What we can learn from Jon Corzine

November 4, 2011, 8:03 PM UTC

By Shelley DuBois, writer-reporter

FORTUNE — Jon Corzine, what were you thinking? It’s going to be tough to salvage the good parts of a long, lucrative career in finance after the dust clears from this current mess, even in its rosiest of outcomes.

Friday, Corzine announced that after about a year holding the job, he is resigning his position as CEO of brokerage firm MF Global (MFGLQ). He’s chosen to head for the exit right after the company filed for bankruptcy and while it is under investigation by the FBI based on claims that it may have used clients’ money illegally to get a handle on its numerous financial problems.

It’s almost too easy to question some of Corzine’s management practices after the fact. But this seemed preventable. In May 2010, two months after Corzine took charge as CEO, Fortune called out some of the company’s potential problems, and questioned why on earth Corzine would take the job. No one knows the inner workings of the man’s mind, but an analyst at Sandler O’Neil suspected in October that Corzine took on the turnaround challenge so he could be seen as “going out on top.”

If that was his thinking, that should have been one of the brightest red flags surrounding his decision to take the job. It’s common to think that you can make up for past failures by succeeding in the future. In the financial world, traders can easily fall prey to this thinking. But the greater the personal stake we have, the tougher it is to make logical choices. If Corzine joined MF Global with something to prove, he may have missed some of the warning signs on the brokerage firm’s front door.

And there were a couple. The company’s share price plummeted after it spun off from hedge fund Man Group in 2007, it lost $141 million in 2008 when a rogue trader made bad bets on wheat, and far too much of MF Global’s revenue has been spent on executive pay.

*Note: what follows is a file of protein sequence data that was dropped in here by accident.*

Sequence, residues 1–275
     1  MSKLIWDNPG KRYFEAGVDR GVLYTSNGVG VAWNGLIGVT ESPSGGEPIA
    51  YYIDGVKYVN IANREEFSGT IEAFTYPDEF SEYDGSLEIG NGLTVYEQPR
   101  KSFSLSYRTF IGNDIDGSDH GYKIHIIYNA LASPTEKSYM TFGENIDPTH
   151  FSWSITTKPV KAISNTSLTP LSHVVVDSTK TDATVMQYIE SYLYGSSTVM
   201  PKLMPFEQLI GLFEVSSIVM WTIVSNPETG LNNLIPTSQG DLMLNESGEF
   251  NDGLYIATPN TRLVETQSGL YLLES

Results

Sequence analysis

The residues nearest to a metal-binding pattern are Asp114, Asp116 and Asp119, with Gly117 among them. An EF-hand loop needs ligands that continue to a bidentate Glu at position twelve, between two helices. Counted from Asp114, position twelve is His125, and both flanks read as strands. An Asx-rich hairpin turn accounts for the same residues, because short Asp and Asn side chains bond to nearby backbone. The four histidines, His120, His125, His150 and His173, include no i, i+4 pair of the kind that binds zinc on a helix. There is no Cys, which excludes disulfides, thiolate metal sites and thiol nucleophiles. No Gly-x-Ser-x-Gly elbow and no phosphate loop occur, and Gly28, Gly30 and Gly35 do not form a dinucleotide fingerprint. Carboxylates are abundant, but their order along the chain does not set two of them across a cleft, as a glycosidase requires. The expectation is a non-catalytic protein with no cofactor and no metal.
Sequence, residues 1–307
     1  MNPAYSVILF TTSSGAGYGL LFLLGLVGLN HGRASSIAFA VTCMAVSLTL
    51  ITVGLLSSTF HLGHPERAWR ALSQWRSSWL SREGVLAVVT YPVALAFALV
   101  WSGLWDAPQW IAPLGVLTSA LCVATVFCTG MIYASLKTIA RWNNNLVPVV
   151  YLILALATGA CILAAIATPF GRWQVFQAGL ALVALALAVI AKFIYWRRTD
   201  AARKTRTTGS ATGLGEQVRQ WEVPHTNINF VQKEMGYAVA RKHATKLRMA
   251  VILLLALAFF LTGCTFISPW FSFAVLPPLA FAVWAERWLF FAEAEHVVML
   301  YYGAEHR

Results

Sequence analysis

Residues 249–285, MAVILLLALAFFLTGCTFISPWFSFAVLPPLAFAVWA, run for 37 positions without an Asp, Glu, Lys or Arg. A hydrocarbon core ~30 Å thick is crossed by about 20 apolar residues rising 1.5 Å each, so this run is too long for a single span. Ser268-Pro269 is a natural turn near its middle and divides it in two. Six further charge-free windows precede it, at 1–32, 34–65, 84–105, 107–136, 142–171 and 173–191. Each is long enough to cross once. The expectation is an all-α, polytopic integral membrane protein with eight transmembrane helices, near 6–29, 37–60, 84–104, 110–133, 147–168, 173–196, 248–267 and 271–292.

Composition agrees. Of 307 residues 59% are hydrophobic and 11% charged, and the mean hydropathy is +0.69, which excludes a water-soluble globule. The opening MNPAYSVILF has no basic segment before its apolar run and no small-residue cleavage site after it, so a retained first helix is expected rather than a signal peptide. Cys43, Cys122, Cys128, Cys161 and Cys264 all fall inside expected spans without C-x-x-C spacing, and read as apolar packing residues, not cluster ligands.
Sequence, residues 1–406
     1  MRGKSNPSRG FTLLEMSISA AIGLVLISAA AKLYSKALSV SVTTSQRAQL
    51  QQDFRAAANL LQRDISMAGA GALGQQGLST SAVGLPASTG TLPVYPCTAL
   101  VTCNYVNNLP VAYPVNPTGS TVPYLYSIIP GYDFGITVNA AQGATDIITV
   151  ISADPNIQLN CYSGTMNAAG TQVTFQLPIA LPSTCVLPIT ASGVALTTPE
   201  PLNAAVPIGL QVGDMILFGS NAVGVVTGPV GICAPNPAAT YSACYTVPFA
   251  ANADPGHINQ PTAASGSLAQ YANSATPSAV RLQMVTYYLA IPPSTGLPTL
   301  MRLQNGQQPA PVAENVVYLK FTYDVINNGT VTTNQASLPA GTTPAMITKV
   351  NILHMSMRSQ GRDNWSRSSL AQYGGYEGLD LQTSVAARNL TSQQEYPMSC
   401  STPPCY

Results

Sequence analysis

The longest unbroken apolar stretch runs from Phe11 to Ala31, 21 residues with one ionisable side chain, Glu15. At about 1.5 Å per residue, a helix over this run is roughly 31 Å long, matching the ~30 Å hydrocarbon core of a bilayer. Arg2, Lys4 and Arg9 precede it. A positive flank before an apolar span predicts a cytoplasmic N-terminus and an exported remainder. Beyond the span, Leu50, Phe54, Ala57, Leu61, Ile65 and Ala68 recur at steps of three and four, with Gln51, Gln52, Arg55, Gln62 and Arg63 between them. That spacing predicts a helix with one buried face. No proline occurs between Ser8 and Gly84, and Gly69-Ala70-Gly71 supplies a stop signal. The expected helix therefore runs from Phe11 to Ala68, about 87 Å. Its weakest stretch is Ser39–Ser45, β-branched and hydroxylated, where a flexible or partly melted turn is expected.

When Corzine took charge, he had earned an impressive amount of wealth, but his resume was speckled with some ego-bruising losses.

He was the co-CEO of Goldman Sachs (GS) in the 1990s, leading the company to its lucrative initial public offering in 1999, but he ultimately lost the job to competitor Henry Paulson. He served as a U.S. Senator for New Jersey from 2000 to 2005, when he ran for governor, and won. He was not re-elected for a second term.

Because of his high profile career, Corzine’s move to MF Global attracted attention. Then, all of a sudden, a quietly struggling company was yanked into the limelight, where it proceeded to belly flop, as could Corzine’s reputation.

At best, he’ll be viewed as an out-of-touch CEO who couldn’t keep track of more than $600 million worth of investor money — lost, at first — that reportedly turned up in a custodial account at JP Morgan. And while there’s no movement on whether Corzine will be criminally charged, he did hire criminal counsel today. If investigators uncover evidence of wrongdoing, Corzine could be tied up in litigation for years.

Instead of ending his career as a successful, if not triumphant, player in finance at the age of 63, Corzine is now looking at concluding his professional life with a big, embarrassing bang.

In terms of his run as a manager, it doesn’t really matter whether he drove MF Global into the ground or merely hopped aboard a defective company during its descent: Corzine is sitting in the captain’s seat among the wreckage. For managers looking to preserve their legacy, it might be a better idea to stay grounded.